Let’s look now at the bottom of this table to our daily cash flow breakeven levels, presented here on a per vessel per day basis. For the fourth quarter of 2015, we reported an operating breakeven level including loan repayments, but before balloon payments of $8,114 per vessel per day as compared to $9,177 per vessel per day during the same period of 2014.

Now let's turn our attention to the full year results for 2015 and there we reported 93.9% commercial utilization rate and 99.4% operational utilization rate as compared to 98% commercial and 99.7% operational during 2014.

In the full year 2015, we operated on average 14.74 vessels with the time charter equivalent rate of $7,570 per vessel per day, which represents 0.5% increase compared to the time charter equivalent rate of $7,534 per vessel per day that we achieved during the same period of last year, during which we operated 14.6 vessels.

Total operating expenses including management fees and G&A, but excluding drydocking costs were $6,071 per vessel per day for the full year 2015 as compared to $6,320 per vessel per day for 2014.

Let’s now look again at the bottom of this table to our daily cash flow breakeven level for the period and as we discussed for the full year 2015. You can see that we reported an operating cash flow breakeven level, again including loan repayments, but not balloon repayments of $9,338 per vessel per day as compared to $9,851 per vessel per day for the full year 2014.

Let’s move to slide 23. This slide show on the right hand side our cash flow breakeven levels over the next 12 months and on the left side we can see our scheduled debt repayments, including scheduled balloon repayments over the next five years and including our assumed debt that we expect to draw to finance the newbuildings.

As you can see from the chart on the left part of the slide, we have scheduled refinanced all of the $10.7 million balloons that were due in 2015 as well as a $3 million balloon that was due in first quarter of 2016. As of today we have only a $6.4 million balloon due in the fourth quarter of 2016 that we plan to refinance within the course of the year.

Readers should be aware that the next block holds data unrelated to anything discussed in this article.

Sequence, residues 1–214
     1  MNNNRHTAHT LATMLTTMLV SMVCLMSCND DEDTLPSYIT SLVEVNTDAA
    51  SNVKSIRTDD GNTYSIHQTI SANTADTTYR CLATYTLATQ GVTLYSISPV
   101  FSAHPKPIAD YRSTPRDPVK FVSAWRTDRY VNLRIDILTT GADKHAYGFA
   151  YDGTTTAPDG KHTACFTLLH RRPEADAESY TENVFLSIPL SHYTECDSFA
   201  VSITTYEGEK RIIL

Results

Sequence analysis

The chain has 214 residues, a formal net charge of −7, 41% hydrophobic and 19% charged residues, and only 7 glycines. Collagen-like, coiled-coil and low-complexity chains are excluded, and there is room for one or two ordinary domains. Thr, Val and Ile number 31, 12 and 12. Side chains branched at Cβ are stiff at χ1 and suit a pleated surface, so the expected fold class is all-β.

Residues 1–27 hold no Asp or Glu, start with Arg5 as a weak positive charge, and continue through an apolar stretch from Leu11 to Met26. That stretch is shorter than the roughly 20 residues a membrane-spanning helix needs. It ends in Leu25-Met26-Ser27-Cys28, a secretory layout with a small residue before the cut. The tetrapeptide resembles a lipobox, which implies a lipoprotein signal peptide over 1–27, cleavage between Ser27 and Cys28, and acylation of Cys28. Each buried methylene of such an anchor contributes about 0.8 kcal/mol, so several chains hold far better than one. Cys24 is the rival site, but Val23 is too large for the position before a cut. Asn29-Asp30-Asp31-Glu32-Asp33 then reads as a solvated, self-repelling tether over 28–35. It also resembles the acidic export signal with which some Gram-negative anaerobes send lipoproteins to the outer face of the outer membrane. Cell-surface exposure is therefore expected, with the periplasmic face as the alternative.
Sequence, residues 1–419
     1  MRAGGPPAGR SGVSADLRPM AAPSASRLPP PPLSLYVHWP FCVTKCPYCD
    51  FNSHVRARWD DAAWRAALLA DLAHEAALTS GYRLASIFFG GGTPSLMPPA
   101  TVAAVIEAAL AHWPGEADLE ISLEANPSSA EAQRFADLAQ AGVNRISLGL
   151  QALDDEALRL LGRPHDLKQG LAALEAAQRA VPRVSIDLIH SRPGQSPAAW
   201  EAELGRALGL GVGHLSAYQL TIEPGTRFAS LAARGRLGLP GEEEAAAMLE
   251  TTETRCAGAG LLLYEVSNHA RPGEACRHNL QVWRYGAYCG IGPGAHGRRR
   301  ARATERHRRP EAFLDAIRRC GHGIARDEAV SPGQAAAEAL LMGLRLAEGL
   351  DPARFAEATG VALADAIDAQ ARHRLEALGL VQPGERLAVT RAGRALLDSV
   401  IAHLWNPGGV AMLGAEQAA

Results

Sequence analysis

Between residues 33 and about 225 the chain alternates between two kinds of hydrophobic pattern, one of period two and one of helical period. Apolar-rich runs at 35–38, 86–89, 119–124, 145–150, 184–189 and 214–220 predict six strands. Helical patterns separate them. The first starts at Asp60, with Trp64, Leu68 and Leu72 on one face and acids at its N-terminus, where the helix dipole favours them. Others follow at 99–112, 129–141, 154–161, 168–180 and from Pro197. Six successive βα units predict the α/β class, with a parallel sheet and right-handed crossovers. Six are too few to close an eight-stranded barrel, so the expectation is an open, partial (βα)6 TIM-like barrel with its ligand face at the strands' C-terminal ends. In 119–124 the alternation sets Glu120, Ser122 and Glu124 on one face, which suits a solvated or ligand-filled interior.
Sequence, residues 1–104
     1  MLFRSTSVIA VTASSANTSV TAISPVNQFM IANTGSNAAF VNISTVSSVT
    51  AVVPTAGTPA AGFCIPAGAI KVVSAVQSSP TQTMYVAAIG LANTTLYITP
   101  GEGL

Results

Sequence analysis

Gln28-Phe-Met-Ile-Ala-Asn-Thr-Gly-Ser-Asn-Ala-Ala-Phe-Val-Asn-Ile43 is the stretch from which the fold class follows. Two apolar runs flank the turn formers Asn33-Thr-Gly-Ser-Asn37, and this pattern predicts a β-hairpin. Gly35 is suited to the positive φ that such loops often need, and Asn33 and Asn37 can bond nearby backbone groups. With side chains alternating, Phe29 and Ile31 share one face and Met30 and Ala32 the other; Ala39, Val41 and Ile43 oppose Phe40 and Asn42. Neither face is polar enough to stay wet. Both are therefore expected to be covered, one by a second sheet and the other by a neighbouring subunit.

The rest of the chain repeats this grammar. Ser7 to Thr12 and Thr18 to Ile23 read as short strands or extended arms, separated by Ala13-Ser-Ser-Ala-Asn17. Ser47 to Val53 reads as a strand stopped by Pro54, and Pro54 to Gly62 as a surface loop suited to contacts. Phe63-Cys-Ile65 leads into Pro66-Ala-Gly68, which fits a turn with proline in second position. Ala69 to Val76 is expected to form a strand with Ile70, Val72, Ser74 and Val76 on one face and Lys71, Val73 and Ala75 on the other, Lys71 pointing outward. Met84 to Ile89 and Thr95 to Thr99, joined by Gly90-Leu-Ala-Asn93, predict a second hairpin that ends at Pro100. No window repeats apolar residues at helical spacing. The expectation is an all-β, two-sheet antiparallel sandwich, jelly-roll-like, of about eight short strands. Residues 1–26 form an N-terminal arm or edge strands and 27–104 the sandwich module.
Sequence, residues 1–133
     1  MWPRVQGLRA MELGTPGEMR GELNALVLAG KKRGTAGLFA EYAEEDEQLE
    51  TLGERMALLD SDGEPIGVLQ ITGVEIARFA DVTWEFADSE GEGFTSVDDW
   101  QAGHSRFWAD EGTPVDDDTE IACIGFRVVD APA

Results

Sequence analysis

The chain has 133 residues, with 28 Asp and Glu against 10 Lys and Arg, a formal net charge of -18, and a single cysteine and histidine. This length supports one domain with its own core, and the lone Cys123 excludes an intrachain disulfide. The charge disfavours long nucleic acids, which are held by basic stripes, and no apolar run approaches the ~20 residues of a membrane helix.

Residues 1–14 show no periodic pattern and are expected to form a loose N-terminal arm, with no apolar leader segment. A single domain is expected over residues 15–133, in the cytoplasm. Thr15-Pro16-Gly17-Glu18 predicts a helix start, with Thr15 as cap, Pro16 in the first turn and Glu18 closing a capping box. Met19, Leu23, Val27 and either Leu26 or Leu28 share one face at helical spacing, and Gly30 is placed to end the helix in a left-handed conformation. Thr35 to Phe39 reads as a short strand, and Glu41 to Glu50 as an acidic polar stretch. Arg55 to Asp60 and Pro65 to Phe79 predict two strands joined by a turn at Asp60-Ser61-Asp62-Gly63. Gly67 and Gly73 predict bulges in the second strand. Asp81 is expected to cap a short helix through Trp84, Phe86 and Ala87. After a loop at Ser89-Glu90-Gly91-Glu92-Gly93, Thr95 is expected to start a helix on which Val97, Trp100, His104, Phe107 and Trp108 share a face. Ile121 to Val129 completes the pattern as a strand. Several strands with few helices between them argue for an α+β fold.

Our loan repayments over the next 12 months amount to approximately $1,600 per vessel per day contribution to our cash flow breakeven level and you can see that figure in the last line of the table on the right part of the slide. This figure excludes total balloon payments of $9.4 million due in 2016 out of which as I mentioned $3 million have already been refinanced. If we make assumptions for the other elements of our cash flow breakeven level like the operating cost, G&A expenses, interest payments, drydocks expenses then we come up with $8,970 per vessel per day as our cash flow breakeven level for 2016 not including balloon repayments.

Let’s move to the next slide, slide 24. As usual let me give you in this slide some highlights from our balance sheet as of December 31, 2015. As of the end of the last year end, our total cash was about $19.2 million comprised of about $8.7 million of unrestricted cash and $10.5 million of restricted funds in retention accounts. Earlier this month, we concluded the refinancing of six of our vessels with a $14.5 million loan, releasing about $5 million of the restricted cash and reducing quarterly repayments for the year.

Our outstanding debt as of December 31, 2015, stood at $40.5 million and as a result our debt-to-capitalization ratio was about 24% and our net debt to market value of our fleet ratio was about 38%. After the refinancing I mentioned, and that new loan were about to draw to financial one of our newbuildings our debt will be about $56 million on a pro forma basis as of December 31, 2015.

A final word on our capital commitments. Our newbuilding program requires us to pay about $118 million of funds over the period of the construction of the vessels. We have already made payments for $32.7 million of our equity contribution towards this newbuilding program. We are scheduling as Aristides mentioned to take delivery of our first newbuilding later this month, which we are financing partly with a $13.8 million loan and partly with equity. The remaining capital expenditure we have will also expect to finance with a combination of debt and equity.

And with that let me turn the floor back to Aristides.

Aristides Pittas

Thank you, Tasos. Thanks everybody for listening into this presentation. Do we have any questions?

Question-and-Answer Session


Aristides Pittas

Okay. Then well we thank everybody for listening in and we'll be back to you in a quarter's time for the Q1 of 2016 results. Thank you everybody.

Tasos Aslidis

Thank you everybody.


Thank you very much indeed and with many thanks to both our speakers today. That does conclude the conference. Thank you all for participating. You may now disconnect. Thank you, gentlemen. Thank you all the very best to you.